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RE: How to copy, alert and shellcommand

From: Anton Krall
Subject: RE: How to copy, alert and shellcommand
Date: Fri, 27 Aug 2004 12:16:36 -0500

Thx for the detailed explanation John, I just think that the docs are
sometimes confusing but getting along :)

Thank you again!

Intruder Consulting
Anton Krall
Director General
tel: 5781-5112
mobile: 1325-3511
IM: address@hidden

%-----Original Message-----
%From: Wheeler, John [mailto:address@hidden 
%Sent: Viernes, 27 de Agosto de 2004 11:02 a.m.
%To: Anton Krall; address@hidden
%Cc: address@hidden
%Subject: RE: How to copy, alert and shellcommand 
%> Im new to cfengine, can you explain a bit furtherwhat the 
%example does 
%> part by part?
%> %control:
%The control[1] section defines what cfagent will do when run. 
%In this case we have two directives. The first one (arguable 
%the most important) actionsequence is as the name implies a 
%sequence of actions that the agent will execute in the order 
%they appear in the list. In this case the action of "copy"[3] 
%followed by "shellcommands"[4] will be executed.
%This definition in itself does nothing; you must define in the 
%corresponding sections what syntactically correct "action" to take.
%> %
%> % actionsequence = ( copy shellcommands ) % % 
%AddInstallables = ( blah 
%> )
%The second directive AddInstallable[5] is intended to help the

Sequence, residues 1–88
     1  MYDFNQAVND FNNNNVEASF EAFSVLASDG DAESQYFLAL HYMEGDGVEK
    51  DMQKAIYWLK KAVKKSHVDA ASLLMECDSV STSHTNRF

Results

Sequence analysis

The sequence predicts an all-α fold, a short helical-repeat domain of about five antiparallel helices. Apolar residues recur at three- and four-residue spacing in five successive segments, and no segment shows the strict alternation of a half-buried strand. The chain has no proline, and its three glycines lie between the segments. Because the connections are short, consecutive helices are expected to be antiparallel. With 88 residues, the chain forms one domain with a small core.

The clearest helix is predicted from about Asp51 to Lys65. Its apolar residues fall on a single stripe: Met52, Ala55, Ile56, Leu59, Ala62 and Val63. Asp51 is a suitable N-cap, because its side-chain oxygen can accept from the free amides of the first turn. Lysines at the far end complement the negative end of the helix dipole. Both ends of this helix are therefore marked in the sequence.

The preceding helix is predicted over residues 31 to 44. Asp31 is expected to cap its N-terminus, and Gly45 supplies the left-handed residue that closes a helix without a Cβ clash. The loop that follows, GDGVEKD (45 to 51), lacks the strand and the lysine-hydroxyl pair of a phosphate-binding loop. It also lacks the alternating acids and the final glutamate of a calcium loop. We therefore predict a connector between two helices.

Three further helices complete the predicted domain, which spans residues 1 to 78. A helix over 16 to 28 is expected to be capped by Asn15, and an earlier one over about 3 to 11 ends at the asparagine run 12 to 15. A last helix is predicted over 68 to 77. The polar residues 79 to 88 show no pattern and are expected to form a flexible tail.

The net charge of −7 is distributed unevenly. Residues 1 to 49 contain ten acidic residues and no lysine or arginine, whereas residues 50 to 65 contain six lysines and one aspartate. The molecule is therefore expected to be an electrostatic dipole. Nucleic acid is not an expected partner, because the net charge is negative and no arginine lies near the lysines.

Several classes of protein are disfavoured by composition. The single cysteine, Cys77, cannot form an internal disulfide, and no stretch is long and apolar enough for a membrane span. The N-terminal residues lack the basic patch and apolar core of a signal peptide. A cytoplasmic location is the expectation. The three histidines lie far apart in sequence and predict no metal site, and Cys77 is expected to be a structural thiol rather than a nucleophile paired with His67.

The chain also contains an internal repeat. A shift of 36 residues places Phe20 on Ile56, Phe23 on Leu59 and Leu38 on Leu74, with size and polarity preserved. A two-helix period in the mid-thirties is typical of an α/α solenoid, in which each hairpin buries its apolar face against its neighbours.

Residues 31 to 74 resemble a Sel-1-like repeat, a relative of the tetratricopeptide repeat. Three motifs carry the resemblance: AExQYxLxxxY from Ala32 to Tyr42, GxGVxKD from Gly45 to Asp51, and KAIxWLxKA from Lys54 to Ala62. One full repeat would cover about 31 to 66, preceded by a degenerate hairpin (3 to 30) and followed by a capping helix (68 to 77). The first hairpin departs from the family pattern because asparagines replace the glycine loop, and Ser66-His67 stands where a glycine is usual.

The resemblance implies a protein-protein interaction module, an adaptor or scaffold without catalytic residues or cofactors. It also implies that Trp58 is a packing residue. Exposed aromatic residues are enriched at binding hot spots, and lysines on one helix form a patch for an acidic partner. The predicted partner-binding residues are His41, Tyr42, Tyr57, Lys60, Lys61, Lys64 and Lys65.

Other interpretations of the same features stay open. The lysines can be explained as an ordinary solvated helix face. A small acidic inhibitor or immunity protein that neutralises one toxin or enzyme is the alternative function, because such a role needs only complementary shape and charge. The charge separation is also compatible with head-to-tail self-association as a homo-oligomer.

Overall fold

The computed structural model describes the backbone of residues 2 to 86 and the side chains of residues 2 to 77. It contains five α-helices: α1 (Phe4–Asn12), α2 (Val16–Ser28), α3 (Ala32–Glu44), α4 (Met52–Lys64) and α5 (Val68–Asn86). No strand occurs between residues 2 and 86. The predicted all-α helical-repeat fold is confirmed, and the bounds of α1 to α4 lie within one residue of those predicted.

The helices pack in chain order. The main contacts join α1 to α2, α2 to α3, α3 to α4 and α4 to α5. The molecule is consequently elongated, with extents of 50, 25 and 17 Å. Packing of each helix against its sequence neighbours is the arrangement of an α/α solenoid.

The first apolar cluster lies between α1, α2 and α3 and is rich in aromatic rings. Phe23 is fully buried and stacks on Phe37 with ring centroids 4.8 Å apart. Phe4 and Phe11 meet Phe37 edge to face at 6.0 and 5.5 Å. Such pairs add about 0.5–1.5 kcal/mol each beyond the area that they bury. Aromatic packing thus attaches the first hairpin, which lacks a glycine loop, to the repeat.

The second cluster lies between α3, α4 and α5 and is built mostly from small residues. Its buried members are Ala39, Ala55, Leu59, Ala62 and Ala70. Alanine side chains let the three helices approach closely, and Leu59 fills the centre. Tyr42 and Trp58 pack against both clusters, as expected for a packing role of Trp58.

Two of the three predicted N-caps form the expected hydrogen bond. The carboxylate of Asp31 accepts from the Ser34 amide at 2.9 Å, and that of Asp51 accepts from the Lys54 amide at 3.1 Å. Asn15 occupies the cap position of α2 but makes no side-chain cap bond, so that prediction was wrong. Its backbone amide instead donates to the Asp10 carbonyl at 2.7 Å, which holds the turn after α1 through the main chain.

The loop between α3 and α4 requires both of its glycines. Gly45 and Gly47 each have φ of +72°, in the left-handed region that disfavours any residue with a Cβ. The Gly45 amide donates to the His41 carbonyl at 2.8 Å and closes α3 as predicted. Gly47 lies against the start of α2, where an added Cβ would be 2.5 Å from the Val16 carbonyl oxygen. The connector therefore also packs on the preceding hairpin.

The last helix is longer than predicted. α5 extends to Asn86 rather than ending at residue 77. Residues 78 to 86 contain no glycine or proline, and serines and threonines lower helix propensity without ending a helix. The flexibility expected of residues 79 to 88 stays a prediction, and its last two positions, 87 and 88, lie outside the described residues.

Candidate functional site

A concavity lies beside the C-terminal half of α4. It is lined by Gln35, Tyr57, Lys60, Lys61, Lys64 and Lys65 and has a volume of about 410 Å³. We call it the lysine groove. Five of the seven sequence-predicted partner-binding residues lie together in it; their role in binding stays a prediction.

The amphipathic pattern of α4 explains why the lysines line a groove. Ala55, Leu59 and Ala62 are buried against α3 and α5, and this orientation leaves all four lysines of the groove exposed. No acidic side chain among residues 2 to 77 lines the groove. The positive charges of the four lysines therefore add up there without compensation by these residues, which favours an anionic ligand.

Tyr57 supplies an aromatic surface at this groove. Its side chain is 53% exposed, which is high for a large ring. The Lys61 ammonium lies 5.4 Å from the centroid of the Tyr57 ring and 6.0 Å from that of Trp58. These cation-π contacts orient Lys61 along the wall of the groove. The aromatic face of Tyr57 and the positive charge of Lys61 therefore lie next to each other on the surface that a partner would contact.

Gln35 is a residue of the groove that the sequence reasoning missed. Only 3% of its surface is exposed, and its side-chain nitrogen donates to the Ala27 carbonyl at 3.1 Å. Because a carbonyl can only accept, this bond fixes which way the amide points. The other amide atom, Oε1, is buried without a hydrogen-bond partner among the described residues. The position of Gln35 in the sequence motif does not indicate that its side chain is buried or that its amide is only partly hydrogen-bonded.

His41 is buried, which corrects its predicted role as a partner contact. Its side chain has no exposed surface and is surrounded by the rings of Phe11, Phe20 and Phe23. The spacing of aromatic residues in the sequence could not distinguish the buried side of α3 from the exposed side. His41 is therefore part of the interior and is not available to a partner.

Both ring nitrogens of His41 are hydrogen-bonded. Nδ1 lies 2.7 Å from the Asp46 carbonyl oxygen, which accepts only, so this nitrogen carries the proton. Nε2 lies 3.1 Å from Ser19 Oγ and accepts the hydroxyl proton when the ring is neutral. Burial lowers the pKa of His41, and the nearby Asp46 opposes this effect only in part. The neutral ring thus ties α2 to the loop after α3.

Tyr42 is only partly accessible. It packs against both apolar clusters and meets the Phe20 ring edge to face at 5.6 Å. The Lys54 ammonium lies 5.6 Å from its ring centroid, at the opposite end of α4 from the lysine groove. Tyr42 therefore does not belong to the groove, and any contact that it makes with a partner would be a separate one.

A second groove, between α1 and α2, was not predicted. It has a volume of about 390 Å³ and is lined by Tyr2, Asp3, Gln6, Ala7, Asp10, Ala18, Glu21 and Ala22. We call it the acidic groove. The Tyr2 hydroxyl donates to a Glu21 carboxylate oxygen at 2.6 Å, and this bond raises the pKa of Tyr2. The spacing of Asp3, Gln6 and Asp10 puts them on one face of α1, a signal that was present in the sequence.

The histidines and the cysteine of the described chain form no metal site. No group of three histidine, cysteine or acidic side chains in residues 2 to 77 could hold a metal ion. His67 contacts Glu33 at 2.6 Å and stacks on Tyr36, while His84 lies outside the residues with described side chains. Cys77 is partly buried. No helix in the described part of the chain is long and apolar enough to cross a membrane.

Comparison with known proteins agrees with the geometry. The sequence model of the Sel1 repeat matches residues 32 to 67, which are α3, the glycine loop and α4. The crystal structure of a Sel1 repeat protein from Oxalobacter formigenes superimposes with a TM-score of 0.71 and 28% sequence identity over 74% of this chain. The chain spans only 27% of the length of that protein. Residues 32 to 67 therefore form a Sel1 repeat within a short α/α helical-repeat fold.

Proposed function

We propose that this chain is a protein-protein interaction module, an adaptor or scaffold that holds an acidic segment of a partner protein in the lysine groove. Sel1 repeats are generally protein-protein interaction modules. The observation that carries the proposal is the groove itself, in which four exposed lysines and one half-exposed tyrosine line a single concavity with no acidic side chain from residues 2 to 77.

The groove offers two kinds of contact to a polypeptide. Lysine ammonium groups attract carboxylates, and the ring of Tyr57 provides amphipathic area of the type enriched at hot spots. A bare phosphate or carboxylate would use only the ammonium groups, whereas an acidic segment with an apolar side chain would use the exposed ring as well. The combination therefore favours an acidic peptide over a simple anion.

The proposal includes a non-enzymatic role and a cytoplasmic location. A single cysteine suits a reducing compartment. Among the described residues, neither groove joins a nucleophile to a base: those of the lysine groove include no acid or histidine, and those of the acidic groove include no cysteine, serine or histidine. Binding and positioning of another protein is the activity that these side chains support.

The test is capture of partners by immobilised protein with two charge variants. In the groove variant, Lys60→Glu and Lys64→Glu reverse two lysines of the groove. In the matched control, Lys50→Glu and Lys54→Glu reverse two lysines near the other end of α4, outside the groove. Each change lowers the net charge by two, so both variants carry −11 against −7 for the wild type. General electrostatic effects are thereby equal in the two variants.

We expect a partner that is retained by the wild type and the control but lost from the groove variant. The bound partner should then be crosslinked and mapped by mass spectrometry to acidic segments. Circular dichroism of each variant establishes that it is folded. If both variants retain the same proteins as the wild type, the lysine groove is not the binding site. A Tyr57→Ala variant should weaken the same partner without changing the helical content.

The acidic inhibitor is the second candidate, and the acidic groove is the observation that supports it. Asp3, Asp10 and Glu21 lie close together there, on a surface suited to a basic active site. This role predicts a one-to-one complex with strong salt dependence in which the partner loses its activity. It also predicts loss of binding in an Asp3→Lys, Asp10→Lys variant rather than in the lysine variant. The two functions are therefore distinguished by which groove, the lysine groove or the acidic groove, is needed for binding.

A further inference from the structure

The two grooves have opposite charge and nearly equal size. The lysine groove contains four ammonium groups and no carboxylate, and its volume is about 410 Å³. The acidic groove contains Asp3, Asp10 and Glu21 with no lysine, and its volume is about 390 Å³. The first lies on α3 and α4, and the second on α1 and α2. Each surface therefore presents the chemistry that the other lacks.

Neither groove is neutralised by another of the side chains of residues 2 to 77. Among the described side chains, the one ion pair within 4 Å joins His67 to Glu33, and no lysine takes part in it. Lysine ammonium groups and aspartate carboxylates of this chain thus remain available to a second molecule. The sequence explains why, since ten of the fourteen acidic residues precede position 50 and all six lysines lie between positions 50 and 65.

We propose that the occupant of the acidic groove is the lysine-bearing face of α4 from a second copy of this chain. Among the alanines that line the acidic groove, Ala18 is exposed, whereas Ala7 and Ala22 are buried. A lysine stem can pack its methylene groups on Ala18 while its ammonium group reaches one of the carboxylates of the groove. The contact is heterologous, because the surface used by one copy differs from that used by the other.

%cfagent parser optimize "code" included by the activation of 
%the class "blah"[6] that may otherwise be excluded if the 
%class were not activated[7]. I'll explain this further when 
%the class is used.
%[6]My personal favorite "example" variable.
%[7]For reasons beyond comprehension, sorry mark.
%> %
%> %copy:
%Ahhhh... our first "action" section, copy. This section says "from"
%which is intended to indicate the source path of the file to 
%copy. Say you want to copy /etc/hosts from somewhere (locally 
%or remotely). The copy section would look like
%    /etc/hosts
%        dest=/etc/hosts
%Also note the define statement. This is where our mysterious "blah"
%class shows up. From reading the documentation one would come 
%to realize that this class will be defined if and only if the 
%file is copied. 
%> %
%> %  from dest=to define=blah
%> %
%> %shellcommands:
%This is where we define the shellcommands. Note that even 
%though the order of these sections (shellcommands and copy) 
%happens to follow the order in the action sequence, the order 
%is irrelevant. The action sequence dictates the order of events.
%Notice here that the bogus shellcommand (fully pathed!) 
%/bin/runme will not be run unless the blah class is set.  This 
%is why the addinstallable is important, because the class blah 
%is a dynamic class, activated by another action, the parser 
%would otherwise ignore this section of the shellcommands had 
%we not place this class in the addinstallable directive.
%> %
%> %  blah::
%> %
%> %     "/bin/runme balbla"
%> %
%> %alerts:
%I honestly can't speak intelligently about alerts, I just 
%don't use them... yet. Basically, using the dynamic class 
%"blah" again, the message in quotes below will be puked to the 
%screen or arrive in an email (assuming you've set the 
%sysadmin[8]) if and only if the file in question is copied.
%> %
%> %  blah::
%> %
%> %    "I was copied"
%> %
%> %
%My best advice is to spend a bit of time reading both the 
%reference[9] and the tutorial[10] thoroughly. These are 
%invaluable sources of information. Also, google is your 
%friend. Finally, setup a test environment to perform simple 
%examples and convince yourself of its functionality.

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